Graduate Studies Reports Access
Graduate Course Proposal Form Submission Detail - GMS6906
Tracking Number - 2185
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Approved, Permanent Archive - 2011-05-10
Submission Type: change
Course Change Information (for course changes only): Change credits to: 1 hr Change description to: This course is the second in a three-course series to complete instruction in the skills and techniques necessary for writing successful NIH grant proposals whose primary focus is patient-oriented/translational career development or research grants.
Comments: recd 2/23/11 - to GC 3/14/11. Approved 3/21/11. to System 3/24/11. To SCNS 4/1/11. App effect 5/15/11.
- Date & Time Submitted: 2009-09-28
- Department: Medical Sciences
- College: MD
- Budget Account Number: 6130102300
- Contact Person: Sandra Anderson
- Phone: 9745566
- Email: firstname.lastname@example.org
- Prefix: GMS
- Number: 6906
- Full Title: Grantsmanship II
- Credit Hours: 2
- Section Type: C -
Class Lecture (Primarily)
- Is the course title variable?: N
- Is a permit required for registration?: N
- Are the credit hours variable?: N
- Is this course repeatable?:
- If repeatable, how many times?: 0
- Abbreviated Title (30 characters maximum): Grantsmanship II
- Course Online?: -
- Percentage Online: 0
- Grading Option:
R - Regular
- Prerequisites: GMS 6905
- Corequisites: None
- Course Description: This course is the second in a two-course series to complete instruction in the skills and techniques necessary for writing successful NIH grant proposals whose primary focus is patient-oriented/translational career development or research grants. CI.
- Please briefly explain why it is necessary and/or desirable to add this course:
- What is the need or demand for this course? (Indicate if this course is part of a required sequence in the major.) What other programs would this course service? The nature of the learning tasks and the student writing requirements are better met by having more time between presentations and submission of writing assignments, so the course is being changed from two credits in the Fall semester for this course to one credit in the Fall and one credit in the Spring, which will be submitted as a new course for Grantsmanship III.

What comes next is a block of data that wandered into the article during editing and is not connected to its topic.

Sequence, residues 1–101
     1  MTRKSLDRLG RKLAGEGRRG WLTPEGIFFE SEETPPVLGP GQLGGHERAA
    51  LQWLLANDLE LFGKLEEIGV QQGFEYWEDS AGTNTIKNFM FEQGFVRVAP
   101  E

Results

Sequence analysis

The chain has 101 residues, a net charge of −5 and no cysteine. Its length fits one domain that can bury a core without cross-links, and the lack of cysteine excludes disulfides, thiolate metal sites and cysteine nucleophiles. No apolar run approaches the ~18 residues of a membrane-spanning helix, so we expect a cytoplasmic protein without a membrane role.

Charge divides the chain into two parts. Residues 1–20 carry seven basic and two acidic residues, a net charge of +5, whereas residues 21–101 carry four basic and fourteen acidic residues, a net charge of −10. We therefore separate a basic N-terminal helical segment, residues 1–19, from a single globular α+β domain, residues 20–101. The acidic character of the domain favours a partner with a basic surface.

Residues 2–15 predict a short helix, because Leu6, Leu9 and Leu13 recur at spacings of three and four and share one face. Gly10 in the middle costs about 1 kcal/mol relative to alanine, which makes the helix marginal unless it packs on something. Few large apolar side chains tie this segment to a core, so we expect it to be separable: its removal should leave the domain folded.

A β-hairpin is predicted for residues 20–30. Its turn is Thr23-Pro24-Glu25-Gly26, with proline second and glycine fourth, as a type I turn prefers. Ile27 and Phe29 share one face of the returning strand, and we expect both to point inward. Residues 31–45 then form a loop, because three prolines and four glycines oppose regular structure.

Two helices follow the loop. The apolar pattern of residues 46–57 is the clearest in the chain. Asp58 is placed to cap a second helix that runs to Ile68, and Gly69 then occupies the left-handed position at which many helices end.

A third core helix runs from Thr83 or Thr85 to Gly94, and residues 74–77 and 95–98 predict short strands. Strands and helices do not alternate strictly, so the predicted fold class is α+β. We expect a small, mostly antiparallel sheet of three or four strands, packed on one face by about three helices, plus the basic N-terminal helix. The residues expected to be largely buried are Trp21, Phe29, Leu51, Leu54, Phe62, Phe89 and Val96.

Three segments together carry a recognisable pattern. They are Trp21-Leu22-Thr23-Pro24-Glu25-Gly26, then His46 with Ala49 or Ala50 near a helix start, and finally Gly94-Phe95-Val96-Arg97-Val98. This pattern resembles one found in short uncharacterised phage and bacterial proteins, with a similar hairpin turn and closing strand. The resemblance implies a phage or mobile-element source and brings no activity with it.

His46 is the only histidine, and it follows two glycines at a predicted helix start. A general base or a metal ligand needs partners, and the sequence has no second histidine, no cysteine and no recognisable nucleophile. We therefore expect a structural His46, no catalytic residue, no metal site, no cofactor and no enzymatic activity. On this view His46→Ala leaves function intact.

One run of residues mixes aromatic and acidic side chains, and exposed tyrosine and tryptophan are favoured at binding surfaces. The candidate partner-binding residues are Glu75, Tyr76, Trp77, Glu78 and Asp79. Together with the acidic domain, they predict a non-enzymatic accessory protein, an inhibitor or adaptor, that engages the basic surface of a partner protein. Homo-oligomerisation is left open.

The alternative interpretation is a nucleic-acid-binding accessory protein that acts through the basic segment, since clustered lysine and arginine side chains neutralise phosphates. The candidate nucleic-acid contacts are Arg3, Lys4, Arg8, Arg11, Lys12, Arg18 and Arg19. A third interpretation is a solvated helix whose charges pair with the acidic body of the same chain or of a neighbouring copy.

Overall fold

- Has this course been offered as Selected Topics/Experimental Topics course? If yes, how many times?
- What qualifications for training and/or experience are necessary to teach this course? (List minimum qualifications for the instructor.)
- Objectives: The course objectives are to: 1. Identify grant writing pitfalls and successful grant writing techniques. 2. Examine the ethical considerations when writing grant proposals. 3. Describe effective post award grant management techniques. 5. Create a career development or research grant proposal that addresses a clinical/ translational patient-oriented research question of interest to submit to the National Institutes of Health and/or other appropriate granting organization.
- Learning Outcomes: Upon successsful completion of the course, students will possess the beginnings of the knowledge and skills necessary for the initial sections of an NIH grant application that will successfully engage the peer review and scientific council processes for funding decisions. They will address the ethical considerations and requirements necessary to the conduct of human subjects research. They will be able to delineate the techniques required for effective post award grant management and will have the first sections drafted for a career development or research grant application to be completed for submission to the NIH and/or other appropriate granting organzation by the end of the next semester's final course in the sequence on Grantsmanship.
- Major Topics: 1. Review of introductory course and research ideas of students. 2. Proposal development timelines. 3. NIH electronic submission process. 4. The NIH grant review process. 5. Research Career Development Awards overview. 6. K23 application requirements. 7. K23 supporting documents. 8. Federally-funded budget issues. 9. Intellectual property. 10. Review outcomes and resubmissions.
- Textbooks: "Required Texts: Writing the NIH Grant Proposal by William Gerin
Effective Grant Writing by Otto Yang"
- Course Readings, Online Resources, and Other Purchases:
- Student Expectations/Requirements and Grading Policy:
- Assignments, Exams and Tests:
- Attendance Policy:
- Policy on Make-up Work:
- Program This Course Supports:
- Course Concurrence Information: